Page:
The Sharpeville massacre occurred on the 21st of March, 1960, with the police opening fire on a crowd of black protesters at Sharpeville. Official records state that 69 black people were killed, and more than 180 were wounded, including children. Many of the victims were shot in the back as they fled. The film offers two explanations for the tragic event. The first, provided by a tour guide for the Sharpeville Memorial, is that the police were on a revenge mission to get payback for an earlier protest that had turned into a riot and resulted in the death of a police officer. In response to the first explanation, Tyra provides the second: “The cops opened fire because they were afraid. Apartheid cops didn’t need a reason to fuck you up; being Black was all the reason they needed.”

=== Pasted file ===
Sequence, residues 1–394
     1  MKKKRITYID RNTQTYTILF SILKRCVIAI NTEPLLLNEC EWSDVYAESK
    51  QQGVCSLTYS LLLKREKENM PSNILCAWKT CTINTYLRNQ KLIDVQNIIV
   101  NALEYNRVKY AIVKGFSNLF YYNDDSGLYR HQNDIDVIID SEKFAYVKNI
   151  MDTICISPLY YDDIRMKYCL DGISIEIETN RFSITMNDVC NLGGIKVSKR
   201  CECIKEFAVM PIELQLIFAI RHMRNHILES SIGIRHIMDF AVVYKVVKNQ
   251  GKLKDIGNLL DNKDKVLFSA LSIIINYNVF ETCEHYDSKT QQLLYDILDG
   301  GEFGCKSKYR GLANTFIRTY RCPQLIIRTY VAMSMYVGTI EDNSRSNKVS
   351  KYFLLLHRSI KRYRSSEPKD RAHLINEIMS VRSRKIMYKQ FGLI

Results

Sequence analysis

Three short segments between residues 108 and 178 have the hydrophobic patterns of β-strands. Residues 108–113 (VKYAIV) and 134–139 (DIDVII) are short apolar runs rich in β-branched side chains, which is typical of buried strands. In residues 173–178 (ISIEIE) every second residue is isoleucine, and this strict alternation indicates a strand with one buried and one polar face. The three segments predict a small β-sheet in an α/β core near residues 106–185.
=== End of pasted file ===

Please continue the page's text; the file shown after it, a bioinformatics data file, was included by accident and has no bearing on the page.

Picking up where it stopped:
Regardless of the reason, the avoidance of responsibility by the government and the police was a problem back then. That gap exists till date, making healing difficult to attain. This is what Jewel builds on as its conflict, so much so that the friction between Tyra and Siya’s boyfriend, Tshepo (Senzo Radebe), is never really about Siya. Tshepo’s hatred for Tyra is so deep-seated that he would still hate her if she had no interest in Siya. Tshepo’s grandmother died in the massacre, so he has a strong distrust for white people who, in his words, come to Sharpville “acting like they care about our tragedy when they were the cause of it to begin with.” It certainly doesn’t help that Tyra, the daughter of a police officer, waltzes about town with an air of arrogance and a dose of insensitivity in her choice of words.